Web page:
What you fail to understand is that I do understand that the First Amendment applies to the government only. What I was suggesting is changing the law so it also applies to social media platforms. Why are people so butthurt about a suggestion and an example? I mentioned political and religious speech specifically because it's those types of speech that seem to be regularly targeted for censorship by the social media platforms. It's not something that the baboon in chief said, I have personally been censored for expressing a conservative viewpoint. Instead of citizens, perhaps a better choice of words are people who live within the jurisdiction of the United States.

        1. HereIAmJH

          Re: A dumpster fire in the making

          What you fail to understand is that I do understand that the First Amendment applies to the government only. What I was suggesting is changing the law so it also applies to social media platforms.

          So what you are saying is that you want Congress to pass a law that changes the intent of the Constitution?

        2. Anonymous Coward
          Anonymous Coward

          Re: A dumpster fire in the making

          First, downvote for the use of "butthurt"...

          Second, why should the First Amendment apply to social media? You may have a perceived "right to free speech", protected from interference from the government, but nobody owes you a platform.

          You can say whatever you like, providing it doesn't break the law of course, but I don't have to listen to you and I certainly don't have to spread your ideas. Neither do the social media companies.

    4. CrackedNoggin Bronze badge

      Re: A dumpster fire in the making


    5. Circadian

      Re: A dumpster fire in the making


      If you think that political speech should not be censored, then there needs to be a law along the lines of “truth in advertising” - anything that is not backed by evidence or facts would not be published. (And dayum, I really wish the UK had something like that in place.)

      1. Anonymous Coward
        Anonymous Coward

        Re: A dumpster fire in the making

        Like this?

  2. Circadian

    First Amendment site

    If the government truly wanted a site that follows first amendment principles, then they should simply implement their own. Having a government-run system should at least provide the rest of the world with a laugh...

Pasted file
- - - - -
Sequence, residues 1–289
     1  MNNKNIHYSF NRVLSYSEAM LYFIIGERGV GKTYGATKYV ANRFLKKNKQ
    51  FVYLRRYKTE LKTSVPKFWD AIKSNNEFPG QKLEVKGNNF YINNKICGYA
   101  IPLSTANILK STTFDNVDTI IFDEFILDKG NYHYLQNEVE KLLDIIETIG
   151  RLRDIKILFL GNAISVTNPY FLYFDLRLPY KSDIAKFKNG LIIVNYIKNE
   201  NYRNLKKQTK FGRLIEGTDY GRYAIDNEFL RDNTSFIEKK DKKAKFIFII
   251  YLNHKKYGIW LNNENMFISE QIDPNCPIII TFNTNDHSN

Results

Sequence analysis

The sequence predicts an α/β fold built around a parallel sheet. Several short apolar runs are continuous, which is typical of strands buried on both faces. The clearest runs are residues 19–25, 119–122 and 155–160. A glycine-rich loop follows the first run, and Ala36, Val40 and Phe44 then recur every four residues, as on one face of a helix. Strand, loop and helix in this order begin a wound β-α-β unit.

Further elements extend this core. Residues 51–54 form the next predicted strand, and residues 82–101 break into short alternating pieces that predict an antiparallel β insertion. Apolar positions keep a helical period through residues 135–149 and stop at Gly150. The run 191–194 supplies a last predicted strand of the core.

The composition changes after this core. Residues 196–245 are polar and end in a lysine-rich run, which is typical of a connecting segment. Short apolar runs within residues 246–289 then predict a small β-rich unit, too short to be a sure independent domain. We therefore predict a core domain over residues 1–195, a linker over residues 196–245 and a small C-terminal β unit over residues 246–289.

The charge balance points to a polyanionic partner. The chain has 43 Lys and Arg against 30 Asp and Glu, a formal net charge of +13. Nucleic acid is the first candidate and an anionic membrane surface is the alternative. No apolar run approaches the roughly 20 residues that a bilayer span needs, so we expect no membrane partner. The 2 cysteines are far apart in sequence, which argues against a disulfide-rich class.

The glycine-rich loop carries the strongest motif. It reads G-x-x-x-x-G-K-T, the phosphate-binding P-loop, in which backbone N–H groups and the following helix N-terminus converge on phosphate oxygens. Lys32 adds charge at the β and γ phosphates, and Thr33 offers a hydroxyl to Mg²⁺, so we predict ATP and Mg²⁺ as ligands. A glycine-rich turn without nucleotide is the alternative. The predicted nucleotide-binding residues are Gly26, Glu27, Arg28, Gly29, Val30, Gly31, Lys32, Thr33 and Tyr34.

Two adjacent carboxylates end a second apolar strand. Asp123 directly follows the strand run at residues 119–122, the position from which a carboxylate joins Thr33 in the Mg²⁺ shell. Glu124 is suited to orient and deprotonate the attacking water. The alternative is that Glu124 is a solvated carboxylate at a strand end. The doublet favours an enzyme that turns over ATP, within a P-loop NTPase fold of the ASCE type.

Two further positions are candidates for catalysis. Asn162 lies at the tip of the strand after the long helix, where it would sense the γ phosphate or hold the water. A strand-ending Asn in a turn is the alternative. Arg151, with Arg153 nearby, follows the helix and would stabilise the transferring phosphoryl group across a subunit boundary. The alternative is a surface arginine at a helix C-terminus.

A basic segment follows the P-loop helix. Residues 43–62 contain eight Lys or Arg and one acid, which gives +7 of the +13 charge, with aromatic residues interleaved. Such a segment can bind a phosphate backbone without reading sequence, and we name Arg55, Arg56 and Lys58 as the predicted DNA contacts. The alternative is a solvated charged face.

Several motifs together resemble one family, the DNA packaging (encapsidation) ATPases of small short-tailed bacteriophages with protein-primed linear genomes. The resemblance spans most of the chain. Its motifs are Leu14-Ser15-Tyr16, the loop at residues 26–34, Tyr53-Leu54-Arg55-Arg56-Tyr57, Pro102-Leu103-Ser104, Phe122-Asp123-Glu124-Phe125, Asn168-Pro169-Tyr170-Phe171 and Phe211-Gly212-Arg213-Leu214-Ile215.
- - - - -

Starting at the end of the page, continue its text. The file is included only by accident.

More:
1. Barking mad

      Re: First Amendment site

      To be clear, the first amendment prohibits congressional law making that impinges on freedom of speech. It does not apply to private enterprise. And, as written, it does not seem to apply to executive orders or the federal agencies (FCC) but hopefully there is established precedent that does.

      "Congress shall make no law respecting an establishment of religion, or prohibiting the free exercise thereof; or abridging the freedom of speech, or of the press; or the right of the people peaceably to assemble, and to petition the Government for a redress of grievances."

  3. Anonymous Coward
    Anonymous Coward

    Well then.

    "If we honor the Constitution, we will reject this petition immediately.”

    Soooooo.... this will be considered, reviewed and passed, in what... 24 hours? After all, to be a true patriot you have to honor the freedom of violating the constitution, given by the constitution... right?

  4. Anonymous Coward
    Anonymous Coward

    Equality for online platforms and social media

    The problem is quite simple. If you post a slanderous article on you get a lawsuit. If you post the exact same article on Facebook you get a pass because of section 230.

    The solution is people should be able to sue the poster and facebook for slanderous articles. Facebook needs to authenticate it's posters just like the NYTimes does its reporters. Facebook should hold its subscribers accountable for all legal bills that result from their posts.

    If individual posters can be sued for posts, they will stop posting slanderous and outrageous articles.

    1. A K Stiles

      Re: Equality for online platforms and social media

      More like; if you post a libellous article on you and the newspaper get a lawsuit, because theoretically, everything posted there is edited and approved by the staff of, but if you post the exact same article on Facebook, Facebook gets a pass because of section 230, but you still get a lawsuit for libel, if the complainant can track you down, possibly with the help of Facebook through a court order, oh and prove you are the original author of the piece, or took personal action in publishing (e.g. sharing) it.

    2. VicMortimer Silver badge

      Re: Equality for online platforms and social media

      Someone clearly has a fundamental misunderstanding of the law.

      1. james7byrne

        Re: Equality for online platforms and social media

        A.K. Styles. Let me make this ease for you. The difference in the two libel cases is NYTimes gets sued and Facebook does not because of 230. You do not understand the law. The fear of being sued is why 230 exists in the first place.

        1. A K Stiles

          Re: Equality for online platforms and social media

          and yet when I read the words I wrote above, that's exactly what I said, only with better proof-reading...

          1. This post has been deleted by its author

  5. Ptol

    Americanisation of the internet

    If the USA want to tear themselves up over their idealistic view of free speech, and the consequences that their laws enables, I'm all for leaving them to it.

    However, please make sure that bun fight stays within the borders of the USA and doesn't affect the rest of the world. In the UK the websites are only protected from liability if they do not remove it within 24 hours of being notified that it is libellous or illegal. Not that I have ever seen Facebook remove reported content that is illegal in the UK for being racist hate speech under the race relations act.

  6. Anonymous Coward
    Anonymous Coward